Audit committees face a range of testing changes in the new year, ranging from revised revenue reporting and CEO pay disclosure to new regulatory leadership and US tax reforms.
‘As audit committees grapple with challenges and an evolving business landscape, many are seeking guidance to enhance their operating effectiveness to better serve as a strategic asset for the organization,’ according to an end of year review by EY’s Center for Board Matters.
The Financial Accounting Standards Board (FASB) is introducing its new revenue recognition standard in January 2018 and a new leasing standard in January 2019. The authors of the EY report say work should already be underway on implementing these standards, and that the audit committee will be crucial in evaluating whether additional disclosures are needed to explain the changes.
‘Once they adopt the new [revenue recognition] standard, registrants may need to make more disclosures about the judgements and assumptions underlying revenue recognition within their management’s discussion and analysts of critical accounting estimates,’ the EY authors note.
Microsoft has given a demonstration of how to tackle such changes well. The company adopted the revenue recognition standard early and produced a range of new disclosures and interactions with its investors – from restated financials and guidance, to hosting analyst days to explain how the new standard changes the way the company reports revenue (IRMagazine.com, 12/4). The company was recently given an award by Pace University, having been praised by investors and analysts for its handling of the new standard.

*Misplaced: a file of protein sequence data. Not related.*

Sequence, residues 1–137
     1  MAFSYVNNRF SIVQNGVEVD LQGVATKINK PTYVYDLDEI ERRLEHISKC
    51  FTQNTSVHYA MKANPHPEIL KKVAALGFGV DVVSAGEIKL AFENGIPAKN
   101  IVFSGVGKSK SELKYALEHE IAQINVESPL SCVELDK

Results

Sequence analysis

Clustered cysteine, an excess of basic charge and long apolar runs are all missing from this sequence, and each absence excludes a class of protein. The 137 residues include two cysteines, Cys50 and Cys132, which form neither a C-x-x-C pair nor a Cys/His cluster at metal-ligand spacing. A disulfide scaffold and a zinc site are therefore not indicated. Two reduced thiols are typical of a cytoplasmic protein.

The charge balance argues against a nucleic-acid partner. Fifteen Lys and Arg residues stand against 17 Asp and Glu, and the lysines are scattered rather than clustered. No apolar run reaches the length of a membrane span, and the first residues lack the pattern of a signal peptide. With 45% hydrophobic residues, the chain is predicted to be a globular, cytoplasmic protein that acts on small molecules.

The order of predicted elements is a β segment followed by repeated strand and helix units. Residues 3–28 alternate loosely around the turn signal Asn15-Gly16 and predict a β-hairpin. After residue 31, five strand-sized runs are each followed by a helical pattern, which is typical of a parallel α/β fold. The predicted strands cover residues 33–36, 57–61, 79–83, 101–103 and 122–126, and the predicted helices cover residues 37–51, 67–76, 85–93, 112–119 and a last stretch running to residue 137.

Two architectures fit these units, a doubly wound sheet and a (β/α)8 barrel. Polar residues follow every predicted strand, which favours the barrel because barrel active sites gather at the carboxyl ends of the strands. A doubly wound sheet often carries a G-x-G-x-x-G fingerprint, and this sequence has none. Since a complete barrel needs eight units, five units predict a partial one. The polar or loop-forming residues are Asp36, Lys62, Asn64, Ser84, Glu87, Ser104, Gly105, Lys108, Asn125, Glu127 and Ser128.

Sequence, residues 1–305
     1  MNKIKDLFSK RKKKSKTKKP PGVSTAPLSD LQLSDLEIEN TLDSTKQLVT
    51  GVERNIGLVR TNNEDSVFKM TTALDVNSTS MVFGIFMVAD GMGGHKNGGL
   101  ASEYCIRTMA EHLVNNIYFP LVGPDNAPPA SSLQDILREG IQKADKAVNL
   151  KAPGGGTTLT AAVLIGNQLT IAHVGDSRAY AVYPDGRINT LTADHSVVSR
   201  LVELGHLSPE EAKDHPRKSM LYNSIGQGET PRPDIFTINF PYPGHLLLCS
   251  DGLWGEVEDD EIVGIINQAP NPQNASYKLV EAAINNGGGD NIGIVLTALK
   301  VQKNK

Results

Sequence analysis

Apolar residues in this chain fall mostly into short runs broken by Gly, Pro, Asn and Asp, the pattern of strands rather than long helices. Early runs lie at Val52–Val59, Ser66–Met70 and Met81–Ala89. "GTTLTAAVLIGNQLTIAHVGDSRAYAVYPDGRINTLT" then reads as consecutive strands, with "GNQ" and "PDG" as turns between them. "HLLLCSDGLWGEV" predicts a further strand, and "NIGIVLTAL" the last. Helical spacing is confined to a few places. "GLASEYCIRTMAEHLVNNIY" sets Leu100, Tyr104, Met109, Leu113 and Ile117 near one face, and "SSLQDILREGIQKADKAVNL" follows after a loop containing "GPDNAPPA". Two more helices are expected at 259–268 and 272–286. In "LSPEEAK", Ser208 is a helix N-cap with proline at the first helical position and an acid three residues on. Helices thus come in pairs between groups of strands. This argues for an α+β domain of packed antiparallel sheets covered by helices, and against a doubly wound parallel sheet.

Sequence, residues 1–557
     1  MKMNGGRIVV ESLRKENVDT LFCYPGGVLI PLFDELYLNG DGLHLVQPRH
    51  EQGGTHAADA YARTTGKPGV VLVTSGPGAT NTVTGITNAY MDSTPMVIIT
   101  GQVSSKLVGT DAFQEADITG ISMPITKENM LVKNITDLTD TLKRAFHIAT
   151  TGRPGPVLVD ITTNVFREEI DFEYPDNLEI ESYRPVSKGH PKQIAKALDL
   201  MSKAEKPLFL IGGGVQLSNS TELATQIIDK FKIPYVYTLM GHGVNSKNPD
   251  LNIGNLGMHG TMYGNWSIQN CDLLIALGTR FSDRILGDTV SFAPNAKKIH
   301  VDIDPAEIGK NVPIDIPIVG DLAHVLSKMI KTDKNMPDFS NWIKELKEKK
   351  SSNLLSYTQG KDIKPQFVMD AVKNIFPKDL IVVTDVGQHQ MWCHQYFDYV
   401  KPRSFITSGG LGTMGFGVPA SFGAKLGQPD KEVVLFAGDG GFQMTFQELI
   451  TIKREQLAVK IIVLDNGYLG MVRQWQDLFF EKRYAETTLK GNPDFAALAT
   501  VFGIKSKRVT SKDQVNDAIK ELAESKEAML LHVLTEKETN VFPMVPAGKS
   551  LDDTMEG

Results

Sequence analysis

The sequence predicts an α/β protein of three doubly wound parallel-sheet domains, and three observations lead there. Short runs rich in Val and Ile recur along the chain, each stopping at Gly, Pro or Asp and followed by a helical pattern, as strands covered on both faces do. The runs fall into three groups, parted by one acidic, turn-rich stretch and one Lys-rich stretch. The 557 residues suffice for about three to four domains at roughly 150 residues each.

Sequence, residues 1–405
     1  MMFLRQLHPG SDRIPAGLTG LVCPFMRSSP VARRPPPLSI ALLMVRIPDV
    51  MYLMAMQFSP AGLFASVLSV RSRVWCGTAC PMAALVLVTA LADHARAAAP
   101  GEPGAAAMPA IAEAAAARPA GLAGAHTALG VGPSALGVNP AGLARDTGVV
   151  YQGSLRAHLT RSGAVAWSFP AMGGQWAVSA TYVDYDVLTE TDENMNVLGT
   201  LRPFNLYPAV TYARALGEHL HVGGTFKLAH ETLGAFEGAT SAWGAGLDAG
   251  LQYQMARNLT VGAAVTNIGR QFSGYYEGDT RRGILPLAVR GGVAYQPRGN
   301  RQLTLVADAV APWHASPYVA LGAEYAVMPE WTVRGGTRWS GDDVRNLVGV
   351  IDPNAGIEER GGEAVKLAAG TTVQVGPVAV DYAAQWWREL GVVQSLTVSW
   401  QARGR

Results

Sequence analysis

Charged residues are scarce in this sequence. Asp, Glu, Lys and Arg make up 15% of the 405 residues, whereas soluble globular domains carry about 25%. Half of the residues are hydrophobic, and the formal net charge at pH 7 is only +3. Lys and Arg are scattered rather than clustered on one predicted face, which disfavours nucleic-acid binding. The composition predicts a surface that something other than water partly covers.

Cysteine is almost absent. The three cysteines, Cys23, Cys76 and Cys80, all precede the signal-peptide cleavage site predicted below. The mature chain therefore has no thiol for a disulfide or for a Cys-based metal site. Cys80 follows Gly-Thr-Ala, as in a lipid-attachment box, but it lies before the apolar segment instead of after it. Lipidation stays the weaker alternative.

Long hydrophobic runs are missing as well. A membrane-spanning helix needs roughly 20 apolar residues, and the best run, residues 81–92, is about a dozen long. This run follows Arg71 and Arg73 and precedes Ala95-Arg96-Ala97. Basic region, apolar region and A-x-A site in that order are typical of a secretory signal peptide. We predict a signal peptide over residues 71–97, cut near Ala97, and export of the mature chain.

EY also points to the SEC’s looming CEO pay-ratio rule as demanding a new disclosure that audit committees will have to engage with in early 2018. The agency is requiring public companies to report its CEO pay relative to its median employee pay in its proxy statements for the first time.
‘While compensation committees have taken the lead on addressing the pay-ratio disclosure requirement, audit committees should work with the compensation committee to help establish the reasonableness of the estimates and methodologies used to calculate the pay ratio,’ the authors write.
There will be significant changes next year in the top ranks of regulatory bodies with the greatest impact on audit committee. The SEC recently announced the appointment of five new directors, including a new chair, to the board of the PCAOB. Meanwhile the SEC, which oversees the PCAOB, is waiting for Senate approval of two commissioners – Hester Peirce and Robert Jackson – at which point it will have a full complement of members.
EY points out that one of SEC chair Jay Clayton’s stated priorities is capital formation. He has targeted streamlining financial reporting and can now move forward on that front in 2018.
The PCAOB in 2019 is implementing an updated standard requiring auditors to report on their own tenure with companies, which EY warns may prompt questions from investors. ‘While transparency has increased steadily over the past three years, several recent and upcoming regulatory developments, such as the PCAOB’s revised standard on the auditor’s report and the SEC’s ongoing disclosure effectiveness project, may contribute to further consideration of audit-related disclosures in the coming years,’ the EY authors note.
US TAX REFORM
With Republicans in Congress keen to pass a new tax bill before the end of the year, EY’s Center for Board Matters provides the following recommendations for audit committees:
- Monitor tax policy changes and developments – both actual and potential – in key jurisdictions
- Make certain that management models the potential impact of tax reforms that might affect any aspect of company tax strategy
- Communicate and engage with local and global policymakers about the potential impact of tax policy changes to ensure that they understand the business implications of any legislation.